"My project views cities from a larger perspective and demonstrates that cities lack connection of services for autism," Decker said. "It is not enough to view a city within a few blocks and suggest placing a building or park; without seeing the vision of an inclusive city as a whole, the design falls short of successfully connecting the needs of adults with autism. Though this project is not typical of landscape architecture, it portrays the discipline's range of scale and thinking, revealing the spectrum of what landscape architects can do."

"Elizabeth has been able to use a systems approach," Kingery-Page said. "She looked at a whole system of needs with this toolkit. It is important to think systematically to shape an urban environment."

Decker's master's report committee included Kingery-Page as chair; Marilyn Kaff, associate professor of special education, counseling and student affairs; and Jason Brody, assistant professor of landscape architecture/regional & community planning. Both Kingery-Page and Kaff are a part of an interdisciplinary autism research team at Kansas State University.
-end-
Decker plans to continue gathering feedback on the toolkit. Her toolkit can be accessed at http://krex.k-state.edu/dspace/handle/2097/17606.

Kansas State University

Related Autism Articles from Brightsurf:

Autism-cholesterol link
Study identifies genetic link between cholesterol alterations and autism.

National Autism Indicators Report: the connection between autism and financial hardship
A.J. Drexel Autism Institute released the 2020 National Autism Indicators Report highlighting the financial challenges facing households of children with autism spectrum disorder (ASD), including higher levels of poverty, material hardship and medical expenses.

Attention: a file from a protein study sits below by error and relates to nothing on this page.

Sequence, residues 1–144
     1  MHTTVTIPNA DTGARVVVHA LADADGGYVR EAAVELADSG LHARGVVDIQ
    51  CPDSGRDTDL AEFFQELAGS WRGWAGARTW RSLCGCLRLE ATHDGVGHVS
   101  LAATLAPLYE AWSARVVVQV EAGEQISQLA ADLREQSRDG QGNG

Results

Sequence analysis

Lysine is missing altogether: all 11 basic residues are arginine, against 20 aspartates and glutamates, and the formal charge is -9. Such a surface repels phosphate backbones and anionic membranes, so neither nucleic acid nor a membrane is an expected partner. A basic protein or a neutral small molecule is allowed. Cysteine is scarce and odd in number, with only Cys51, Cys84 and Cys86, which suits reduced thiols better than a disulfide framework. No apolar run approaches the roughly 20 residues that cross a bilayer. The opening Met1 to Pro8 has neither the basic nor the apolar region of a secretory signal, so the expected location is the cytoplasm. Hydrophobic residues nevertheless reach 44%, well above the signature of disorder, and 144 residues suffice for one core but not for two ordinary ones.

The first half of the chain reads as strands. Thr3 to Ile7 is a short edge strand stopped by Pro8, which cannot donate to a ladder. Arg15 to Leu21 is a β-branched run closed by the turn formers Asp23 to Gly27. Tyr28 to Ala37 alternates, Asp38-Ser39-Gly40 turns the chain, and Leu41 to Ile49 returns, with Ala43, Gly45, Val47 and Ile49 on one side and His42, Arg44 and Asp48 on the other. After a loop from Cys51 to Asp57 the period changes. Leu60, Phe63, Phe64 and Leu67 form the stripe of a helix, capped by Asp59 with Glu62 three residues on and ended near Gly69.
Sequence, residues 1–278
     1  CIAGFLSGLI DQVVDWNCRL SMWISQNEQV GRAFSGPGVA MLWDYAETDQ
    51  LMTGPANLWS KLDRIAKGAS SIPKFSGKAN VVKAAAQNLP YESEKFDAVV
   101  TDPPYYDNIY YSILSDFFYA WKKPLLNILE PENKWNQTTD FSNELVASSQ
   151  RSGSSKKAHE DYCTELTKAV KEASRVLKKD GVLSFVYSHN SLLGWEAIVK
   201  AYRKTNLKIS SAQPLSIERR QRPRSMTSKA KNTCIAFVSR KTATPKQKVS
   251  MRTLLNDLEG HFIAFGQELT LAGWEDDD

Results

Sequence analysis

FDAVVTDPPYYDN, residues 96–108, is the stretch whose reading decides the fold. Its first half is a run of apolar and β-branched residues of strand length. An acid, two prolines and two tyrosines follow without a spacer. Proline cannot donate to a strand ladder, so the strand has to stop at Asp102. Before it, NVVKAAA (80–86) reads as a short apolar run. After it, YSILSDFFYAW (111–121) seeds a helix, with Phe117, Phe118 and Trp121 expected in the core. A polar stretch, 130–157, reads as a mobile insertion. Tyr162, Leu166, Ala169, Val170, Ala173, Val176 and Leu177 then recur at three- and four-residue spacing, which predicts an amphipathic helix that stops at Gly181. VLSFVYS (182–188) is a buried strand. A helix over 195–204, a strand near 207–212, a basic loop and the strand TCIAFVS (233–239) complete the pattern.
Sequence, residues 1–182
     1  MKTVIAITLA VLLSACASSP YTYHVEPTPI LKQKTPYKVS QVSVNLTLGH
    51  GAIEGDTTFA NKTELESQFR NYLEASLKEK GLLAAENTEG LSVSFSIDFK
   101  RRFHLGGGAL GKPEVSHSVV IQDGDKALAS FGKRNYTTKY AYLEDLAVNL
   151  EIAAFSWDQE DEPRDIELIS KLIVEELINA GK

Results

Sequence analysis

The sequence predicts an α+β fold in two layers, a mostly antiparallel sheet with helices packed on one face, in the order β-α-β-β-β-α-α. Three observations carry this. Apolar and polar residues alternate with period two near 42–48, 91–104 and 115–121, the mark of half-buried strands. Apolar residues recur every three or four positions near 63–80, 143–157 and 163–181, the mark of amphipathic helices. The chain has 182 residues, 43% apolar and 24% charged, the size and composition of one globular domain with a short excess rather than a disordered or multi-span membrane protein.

Autism risk estimated at 3 to 5% for children whose parents have a sibling with autism
Roughly 3 to 5% of children with an aunt or uncle with autism spectrum disorder (ASD) can also be expected to have ASD, compared to about 1.5% of children in the general population, according to a study funded by the National Institutes of Health.

Adulthood with autism
The independence that comes with growing up can be scary for any teenager, but for young adults with autism spectrum disorder and their caregivers, the transition from adolescence to adulthood can seem particularly daunting.

Brain protein mutation from child with autism causes autism-like behavioral change in mice
A de novo gene mutation that encodes a brain protein in a child with autism has been placed into the brains of mice.

Autism and theory of mind
Theory of mind, or the ability to represent other people's minds as distinct from one's own, can be difficult for people with autism.

Potential biomarker for autism
A study of young children with autism spectrum disorder published in JNeurosci reveals altered brain waves compared to typically developing children during a motor control task.

Autism often associated with multiple new mutations
Most autism cases are in families with no previous history of the disorder.

State laws requiring autism coverage by private insurers led to increases in autism care
A new study led by researchers at the Johns Hopkins Bloomberg School of Public Health has found that the enactment of state laws mandating coverage of autism spectrum disorder (ASD) was followed by sizable increases in insurer-covered ASD care and associated spending.

Autism's gender patterns
Having one child with autism is a well-known risk factor for having another one with the same disorder, but whether and how a sibling's gender influences this risk has remained largely unknown.

Read More: Autism News and Autism Current Events
Brightsurf.com is a participant in the Amazon Services LLC Associates Program, an affiliate advertising program designed to provide a means for sites to earn advertising fees by advertising and linking to Amazon.com.